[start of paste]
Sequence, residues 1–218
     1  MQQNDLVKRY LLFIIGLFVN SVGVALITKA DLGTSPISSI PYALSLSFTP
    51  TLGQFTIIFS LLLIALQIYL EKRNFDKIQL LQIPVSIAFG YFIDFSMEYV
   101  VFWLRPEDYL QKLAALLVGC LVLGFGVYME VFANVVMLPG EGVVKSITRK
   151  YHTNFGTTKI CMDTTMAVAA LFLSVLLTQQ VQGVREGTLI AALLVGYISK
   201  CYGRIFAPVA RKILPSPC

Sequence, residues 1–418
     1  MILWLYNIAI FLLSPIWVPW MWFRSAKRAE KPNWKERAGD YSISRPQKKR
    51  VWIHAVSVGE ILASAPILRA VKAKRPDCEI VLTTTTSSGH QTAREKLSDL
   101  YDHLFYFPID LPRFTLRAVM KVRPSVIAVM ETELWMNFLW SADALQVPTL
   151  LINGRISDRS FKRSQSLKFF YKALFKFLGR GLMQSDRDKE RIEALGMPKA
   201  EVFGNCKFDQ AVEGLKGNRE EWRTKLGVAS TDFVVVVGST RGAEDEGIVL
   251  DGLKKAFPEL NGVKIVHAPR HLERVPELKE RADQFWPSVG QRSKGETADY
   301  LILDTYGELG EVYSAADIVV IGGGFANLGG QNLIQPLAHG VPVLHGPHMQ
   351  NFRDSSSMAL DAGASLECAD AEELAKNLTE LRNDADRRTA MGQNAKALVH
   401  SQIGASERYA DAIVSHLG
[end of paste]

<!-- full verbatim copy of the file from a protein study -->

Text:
Sequence, residues 1–218
     1  MQQNDLVKRY LLFIIGLFVN SVGVALITKA DLGTSPISSI PYALSLSFTP
    51  TLGQFTIIFS LLLIALQIYL EKRNFDKIQL LQIPVSIAFG YFIDFSMEYV
   101  VFWLRPEDYL QKLAALLVGC LVLGFGVYME VFANVVMLPG EGVVKSITRK
   151  YHTNFGTTKI CMDTTMAVAA LFLSVLLTQQ VQGVREGTLI AALLVGYISK
   201  CYGRIFAPVA RKILPSPC

Sequence, residues 1–418
     1  MILWLYNIAI FLLSPIWVPW MWFRSAKRAE KPNWKERAGD YSISRPQKKR
    51  VWIHAVSVGE ILASAPILRA VKAKRPDCEI VLTTTTSSGH QTAREKLSDL
   101  YDHLFYFPID LPRFTLRAVM KVRPSVIAVM ETELWMNFLW SADALQVPTL
   151  LINGRISDRS FKRSQSLKFF YKALFKFLGR GLMQSDRDKE RIEALGMPKA
   201  EVFGNCKFDQ AVEGLKGNRE EWRTKLGVAS TDFVVVVGST RGAEDEGIVL
   251  DGLKKAFPEL NGVKIVHAPR HLERVPELKE RADQFWPSVG QRSKGETADY
   301  LILDTYGELG EVYSAADIVV IGGGFANLGG QNLIQPLAHG VPVLHGPHMQ
   351  NFRDSSSMAL DAGASLECAD AEELAKNLTE LRNDADRRTA MGQNAKALVH
   401  SQIGASERYA DAIVSHLG